A brilliant first week of training now I’m back in London. I have already completed an eight week camp in America; splitting my time between the Mayweather Gym in Las Vegas and Gleason’s gym in New York.
I have six more weeks until I knock Steve Williams out. I’m really looking forward to winning the Lonsdale belt outright. If I’m correct no fighter in the 140lbs division has won it outright since Junior Witter, and we know what he went on to achieve.
Steve Williams is just a number to me; Mr 32. He will be my 32nd win. His name on my record is not that important. The win is all that matters.
Steve commented in a recent interview that I do “everything well”. I have to say that he is absolutely right. But it begs the obvious question; how is he supposed to beat me then? I have no obvious weaknesses. He cannot afford to try and outbox me. He has to come to fight, but better fighters than him have tried and failed.
As my brother commented the other day, “How can he expect to beat you if he can’t beat Lenny Daws? All he does is walk forward”.
I guess Steve Williams and his team have to stay in ‘dreamland’. He has a slow jab and a basic defence.
He reminds me a little of the Ancient Egyptian ‘mummy’ with his slow feet.
Steve Williams is certainly no better than Lenny Daws or Jason Cook. In fact! He was begging me for a pay day last June, so I asked Hennessey Sports if I could make a voluntary defence against him at Wembley Arena. Hennessey Sports and Channel 5 felt Jason Cook was a far more dangerous opponent, so they chose him instead.
We know what happened to him.
Steve goes on to knock out Karl ‘Bulb head’ Place, and is consequently a ‘threat’ to me now – Really??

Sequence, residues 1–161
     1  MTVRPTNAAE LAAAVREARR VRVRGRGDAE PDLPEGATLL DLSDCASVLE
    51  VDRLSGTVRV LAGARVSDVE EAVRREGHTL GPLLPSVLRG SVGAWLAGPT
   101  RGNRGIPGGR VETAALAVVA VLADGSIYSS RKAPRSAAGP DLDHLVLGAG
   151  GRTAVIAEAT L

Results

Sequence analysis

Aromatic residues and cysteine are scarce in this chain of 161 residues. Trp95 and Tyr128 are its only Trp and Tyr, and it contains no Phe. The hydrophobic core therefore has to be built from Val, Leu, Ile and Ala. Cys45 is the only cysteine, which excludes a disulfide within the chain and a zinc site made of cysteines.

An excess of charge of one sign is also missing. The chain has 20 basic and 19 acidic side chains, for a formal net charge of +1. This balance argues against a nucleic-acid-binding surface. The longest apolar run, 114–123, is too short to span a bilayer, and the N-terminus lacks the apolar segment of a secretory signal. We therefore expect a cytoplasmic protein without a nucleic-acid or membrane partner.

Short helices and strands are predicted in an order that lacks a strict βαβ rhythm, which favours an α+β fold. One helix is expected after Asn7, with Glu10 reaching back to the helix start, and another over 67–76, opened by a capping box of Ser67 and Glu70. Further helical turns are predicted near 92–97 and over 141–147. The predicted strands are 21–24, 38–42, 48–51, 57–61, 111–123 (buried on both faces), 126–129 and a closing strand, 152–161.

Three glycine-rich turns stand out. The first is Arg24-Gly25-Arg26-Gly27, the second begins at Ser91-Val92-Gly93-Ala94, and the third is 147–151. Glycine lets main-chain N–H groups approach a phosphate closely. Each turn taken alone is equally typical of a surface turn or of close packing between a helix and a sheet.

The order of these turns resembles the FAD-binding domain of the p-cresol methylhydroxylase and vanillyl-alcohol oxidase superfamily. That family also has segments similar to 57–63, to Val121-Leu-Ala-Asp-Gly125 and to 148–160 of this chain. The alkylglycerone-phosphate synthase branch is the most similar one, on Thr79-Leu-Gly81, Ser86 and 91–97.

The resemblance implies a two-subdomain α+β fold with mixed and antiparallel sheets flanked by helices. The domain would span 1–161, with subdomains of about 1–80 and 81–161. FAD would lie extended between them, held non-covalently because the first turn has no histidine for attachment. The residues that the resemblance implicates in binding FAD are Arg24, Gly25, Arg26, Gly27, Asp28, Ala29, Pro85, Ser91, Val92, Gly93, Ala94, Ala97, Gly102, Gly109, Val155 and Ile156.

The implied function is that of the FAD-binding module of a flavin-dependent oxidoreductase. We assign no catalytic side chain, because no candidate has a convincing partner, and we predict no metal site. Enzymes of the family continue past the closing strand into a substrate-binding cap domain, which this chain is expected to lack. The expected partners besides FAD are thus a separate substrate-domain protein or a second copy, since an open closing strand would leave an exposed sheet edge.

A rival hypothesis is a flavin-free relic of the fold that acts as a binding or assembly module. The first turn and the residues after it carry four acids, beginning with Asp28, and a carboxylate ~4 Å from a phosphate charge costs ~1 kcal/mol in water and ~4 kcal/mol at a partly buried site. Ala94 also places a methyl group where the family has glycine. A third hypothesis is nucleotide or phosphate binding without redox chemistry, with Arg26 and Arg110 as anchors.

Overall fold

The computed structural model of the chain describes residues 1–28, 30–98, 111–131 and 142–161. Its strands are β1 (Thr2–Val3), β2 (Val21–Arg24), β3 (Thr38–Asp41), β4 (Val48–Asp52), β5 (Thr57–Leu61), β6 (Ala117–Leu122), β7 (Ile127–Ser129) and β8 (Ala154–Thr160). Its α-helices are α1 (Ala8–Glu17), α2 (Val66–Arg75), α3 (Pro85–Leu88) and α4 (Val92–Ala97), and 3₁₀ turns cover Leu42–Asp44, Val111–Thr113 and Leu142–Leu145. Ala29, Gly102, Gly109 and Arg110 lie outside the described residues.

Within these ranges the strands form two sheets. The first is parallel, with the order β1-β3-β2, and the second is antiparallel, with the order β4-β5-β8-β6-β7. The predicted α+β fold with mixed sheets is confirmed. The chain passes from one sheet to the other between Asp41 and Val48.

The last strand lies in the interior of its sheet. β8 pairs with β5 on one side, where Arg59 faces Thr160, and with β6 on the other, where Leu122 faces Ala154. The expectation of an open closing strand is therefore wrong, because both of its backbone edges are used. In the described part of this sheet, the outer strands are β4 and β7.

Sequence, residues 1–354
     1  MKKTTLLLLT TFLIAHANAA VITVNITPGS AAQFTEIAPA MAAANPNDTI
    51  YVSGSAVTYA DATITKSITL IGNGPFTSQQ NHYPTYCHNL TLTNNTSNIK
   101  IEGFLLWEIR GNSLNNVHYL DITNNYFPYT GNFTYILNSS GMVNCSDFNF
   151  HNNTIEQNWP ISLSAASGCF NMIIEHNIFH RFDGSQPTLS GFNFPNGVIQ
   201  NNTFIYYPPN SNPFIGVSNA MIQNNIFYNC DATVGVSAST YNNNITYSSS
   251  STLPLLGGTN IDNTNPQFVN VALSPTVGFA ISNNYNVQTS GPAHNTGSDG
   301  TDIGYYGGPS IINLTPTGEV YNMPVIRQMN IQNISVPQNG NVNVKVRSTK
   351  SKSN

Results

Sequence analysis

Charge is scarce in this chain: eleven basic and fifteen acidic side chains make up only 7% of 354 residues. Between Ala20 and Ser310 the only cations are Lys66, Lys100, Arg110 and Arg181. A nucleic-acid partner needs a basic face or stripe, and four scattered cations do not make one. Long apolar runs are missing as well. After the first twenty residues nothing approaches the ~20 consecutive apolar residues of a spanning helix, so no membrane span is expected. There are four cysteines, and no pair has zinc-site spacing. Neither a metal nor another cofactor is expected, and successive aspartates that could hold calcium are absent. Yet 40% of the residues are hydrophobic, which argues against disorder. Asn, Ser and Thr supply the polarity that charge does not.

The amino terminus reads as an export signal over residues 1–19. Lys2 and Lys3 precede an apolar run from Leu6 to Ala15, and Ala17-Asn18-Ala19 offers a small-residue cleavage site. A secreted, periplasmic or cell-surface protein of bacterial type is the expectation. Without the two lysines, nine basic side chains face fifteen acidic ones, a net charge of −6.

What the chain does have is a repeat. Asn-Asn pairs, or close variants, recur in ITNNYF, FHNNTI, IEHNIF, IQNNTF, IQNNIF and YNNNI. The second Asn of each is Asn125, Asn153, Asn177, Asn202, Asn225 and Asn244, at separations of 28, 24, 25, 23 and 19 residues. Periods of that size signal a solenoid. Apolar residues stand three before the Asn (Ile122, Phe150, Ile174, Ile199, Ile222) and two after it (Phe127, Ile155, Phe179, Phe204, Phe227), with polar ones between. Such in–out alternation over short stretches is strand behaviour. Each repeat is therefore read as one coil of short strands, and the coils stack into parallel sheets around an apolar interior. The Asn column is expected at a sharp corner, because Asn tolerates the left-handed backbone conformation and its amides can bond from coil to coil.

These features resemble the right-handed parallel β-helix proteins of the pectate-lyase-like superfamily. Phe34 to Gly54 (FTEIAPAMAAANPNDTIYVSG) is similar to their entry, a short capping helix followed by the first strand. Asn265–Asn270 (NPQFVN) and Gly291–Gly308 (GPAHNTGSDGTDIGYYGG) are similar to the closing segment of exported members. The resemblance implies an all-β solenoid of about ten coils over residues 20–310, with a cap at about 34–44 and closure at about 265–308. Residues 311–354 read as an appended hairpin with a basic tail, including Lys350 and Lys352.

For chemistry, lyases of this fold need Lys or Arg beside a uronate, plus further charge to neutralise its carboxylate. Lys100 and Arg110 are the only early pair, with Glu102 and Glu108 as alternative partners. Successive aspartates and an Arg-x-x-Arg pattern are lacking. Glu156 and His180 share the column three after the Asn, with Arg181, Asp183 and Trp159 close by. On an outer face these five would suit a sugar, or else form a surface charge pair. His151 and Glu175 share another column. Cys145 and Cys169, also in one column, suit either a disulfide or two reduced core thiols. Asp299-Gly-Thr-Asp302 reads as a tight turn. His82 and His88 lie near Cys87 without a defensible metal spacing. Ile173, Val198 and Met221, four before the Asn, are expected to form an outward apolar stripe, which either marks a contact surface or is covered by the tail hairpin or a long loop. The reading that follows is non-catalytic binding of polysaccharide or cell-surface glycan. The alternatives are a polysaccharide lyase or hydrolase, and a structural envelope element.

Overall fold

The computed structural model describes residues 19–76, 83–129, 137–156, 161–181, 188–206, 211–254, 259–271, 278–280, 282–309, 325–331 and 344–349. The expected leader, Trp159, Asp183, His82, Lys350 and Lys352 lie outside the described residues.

I will be fighting Steve in his hometown of Liverpool. So that’s an extra motivation for him. I like this a lot. It is more pressure on him to perform in front of his fans.
Lenny Daws had the extra pressure of winning the Lonsdale belt outright. I like when fighters have that extra motivation to beat me. It means they will attack me more, and that means more openings. This will certainly result in a knock out win for me.
This fight is not going twelve rounds, that’s a promise.
I was chuffed to recently hear from a supporter of mine that “you’re an inspiration. You epitomise what a champion should be like”.
It is touching when people believe in me. The people whom I’m able to inspire, even just a little, motivate me to achieve the greatness I am truly capable of.
Talking of greatness; Muhammad Ali, who recently turned 70 years old, was in the habit of predicting the round he would knock his opponent out in.
I have made bold predictions about my last three opponents. I was very clear that all of them would be knocked out in the championship rounds.
Two out of three is not bad at all, especially when you consider that I knocked Lenny Daws down in the ninth, but just went about finishing him off a little wrong, and he managed to survive to the final bell.
So I am definitely not great yet, but I am well on the road to fulfilling the greatness that lies in me. So when I say that I will knock Steve out, believe me!
What the mind can conceive, it can achieve.
This Sunday saw me take my third day off during the course of the last two months. I’ve completed 27 hours training this week. I’m weighing 148lbs and I’m in great shape.
The last week of my eight week training camp in America saw me visit the IBF offices in New Jersey to meet with their President.
I’ve been ranked as high as fourth in their world rankings, but during the course of my British title reign, my ranking has slipped to 15th.